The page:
5. llewellynh says:

    Why wouldn’t US just announce that up front?

  6. llewellynh says:

    Not here on 9-11 though.

  7. The_untold_story says:

    Did you watch another repeat of “Capricorn One” recently? If the plane was heading toward Diego Garcia it is more likely that the military would have let it make an “emergency” landing at the runway there – believing the pilot’s “mayday”. Then the plane would have “accidentally” crashed into a bunch of military jets or if one was there…. an aircraft carrier with 5,000 sailors and fuel-loaded jets aboard. That type of sinister plan would be a terrorist’s dream. Maybe Al-Qaeda learned the lesson from Flight 93 on 9/11 – if you do your signature simultaneous events, sometimes the element of surprise works in your favor initially, but eventually word gets out.

    Perhaps some simulator practice landing a jet on an aircraft carrier or checking waypoint settings for the trip to D.G. would come in handy.

  8. Toriyali says:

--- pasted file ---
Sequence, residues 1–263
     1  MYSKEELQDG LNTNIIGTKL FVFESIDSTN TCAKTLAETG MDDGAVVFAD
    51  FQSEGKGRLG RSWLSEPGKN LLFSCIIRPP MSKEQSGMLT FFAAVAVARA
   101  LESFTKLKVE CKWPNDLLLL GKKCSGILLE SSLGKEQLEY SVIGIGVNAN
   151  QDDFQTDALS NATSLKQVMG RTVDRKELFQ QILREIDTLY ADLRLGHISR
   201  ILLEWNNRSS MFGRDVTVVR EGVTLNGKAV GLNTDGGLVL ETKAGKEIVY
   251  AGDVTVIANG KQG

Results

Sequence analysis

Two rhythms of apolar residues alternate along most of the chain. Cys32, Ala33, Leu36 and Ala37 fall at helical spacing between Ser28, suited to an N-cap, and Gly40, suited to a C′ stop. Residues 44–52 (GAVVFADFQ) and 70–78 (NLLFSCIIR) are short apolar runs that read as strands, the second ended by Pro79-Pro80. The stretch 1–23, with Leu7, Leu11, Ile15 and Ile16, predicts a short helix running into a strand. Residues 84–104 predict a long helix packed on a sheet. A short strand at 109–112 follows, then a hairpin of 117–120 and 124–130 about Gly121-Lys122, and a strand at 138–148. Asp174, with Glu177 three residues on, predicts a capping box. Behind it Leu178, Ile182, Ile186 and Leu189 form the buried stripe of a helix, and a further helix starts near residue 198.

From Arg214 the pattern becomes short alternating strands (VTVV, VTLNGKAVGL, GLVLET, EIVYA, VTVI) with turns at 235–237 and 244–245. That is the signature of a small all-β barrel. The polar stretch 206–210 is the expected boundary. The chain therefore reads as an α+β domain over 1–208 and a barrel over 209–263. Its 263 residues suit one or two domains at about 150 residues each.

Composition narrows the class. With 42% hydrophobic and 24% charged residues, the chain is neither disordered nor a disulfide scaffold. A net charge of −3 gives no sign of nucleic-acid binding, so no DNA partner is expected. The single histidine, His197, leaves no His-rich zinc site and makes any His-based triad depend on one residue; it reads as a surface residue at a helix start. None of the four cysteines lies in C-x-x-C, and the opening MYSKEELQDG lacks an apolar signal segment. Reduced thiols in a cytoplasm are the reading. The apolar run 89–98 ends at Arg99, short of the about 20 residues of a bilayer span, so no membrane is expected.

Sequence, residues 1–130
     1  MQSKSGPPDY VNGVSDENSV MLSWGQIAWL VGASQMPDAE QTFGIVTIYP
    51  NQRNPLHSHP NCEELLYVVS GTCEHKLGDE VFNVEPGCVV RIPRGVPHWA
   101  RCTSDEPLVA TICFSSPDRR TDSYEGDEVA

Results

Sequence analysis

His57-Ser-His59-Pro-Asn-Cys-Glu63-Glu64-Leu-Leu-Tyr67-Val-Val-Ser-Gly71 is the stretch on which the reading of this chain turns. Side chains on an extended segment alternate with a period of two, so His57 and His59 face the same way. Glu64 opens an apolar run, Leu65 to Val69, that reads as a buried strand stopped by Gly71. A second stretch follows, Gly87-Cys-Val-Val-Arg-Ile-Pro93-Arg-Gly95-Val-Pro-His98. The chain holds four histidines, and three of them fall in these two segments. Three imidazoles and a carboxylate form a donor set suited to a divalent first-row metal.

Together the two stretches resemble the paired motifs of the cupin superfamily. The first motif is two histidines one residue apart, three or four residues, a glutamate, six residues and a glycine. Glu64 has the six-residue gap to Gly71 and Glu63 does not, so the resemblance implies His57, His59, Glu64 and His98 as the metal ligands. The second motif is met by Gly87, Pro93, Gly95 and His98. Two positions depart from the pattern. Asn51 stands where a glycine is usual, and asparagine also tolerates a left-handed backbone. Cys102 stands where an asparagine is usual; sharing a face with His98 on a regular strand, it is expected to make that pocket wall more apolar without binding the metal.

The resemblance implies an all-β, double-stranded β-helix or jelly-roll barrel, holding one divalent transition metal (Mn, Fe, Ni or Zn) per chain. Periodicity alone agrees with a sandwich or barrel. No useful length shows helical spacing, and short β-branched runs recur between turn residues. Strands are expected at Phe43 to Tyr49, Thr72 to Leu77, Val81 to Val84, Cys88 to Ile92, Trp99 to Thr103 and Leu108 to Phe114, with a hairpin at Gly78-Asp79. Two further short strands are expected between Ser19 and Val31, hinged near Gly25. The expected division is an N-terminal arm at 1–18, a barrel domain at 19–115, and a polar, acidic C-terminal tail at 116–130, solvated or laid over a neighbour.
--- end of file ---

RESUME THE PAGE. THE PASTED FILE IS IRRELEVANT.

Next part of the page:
John! your analyses of MH370 is highly commendable. Why?

    In todays’ Express on Sunday, UK, according to “British anti-terror expert Dr Sally Leivesley said last night: “It might well be the world’s first cyber hijack.”

    Dr Leivesley, a former Home Office scientific adviser, said the hackers could change the plane’s speed, altitude and direction by sending radio signals to its flight management system. It could then be landed or made to crash by remote control. Possible culprits include criminal gangs, terrorists or a foreign power.”

    As soon as I read the full story (the story is entitled: World’s first cyber hijack: Was missing Malaysia Airlines flight hacked with mobile phone?), Diego Garcia jumped as the most possible candidate to my mind. To connect the dots I started looking for the maps covering regions from Malaysia to Kazakhstan as some suggestions were made in the media about the later. However, I luckily stumbled upon your blogs in search of the maps which thankfully saves me from undertaking any further trouble.

    Please also look into Hugo Teso’s presentation at the last years’ HITB conference. There is video available on [email protected] Hugo Teso – Aircraft Hacking: Practical Aero Series http://youtu.be/wk1jIKQvMx8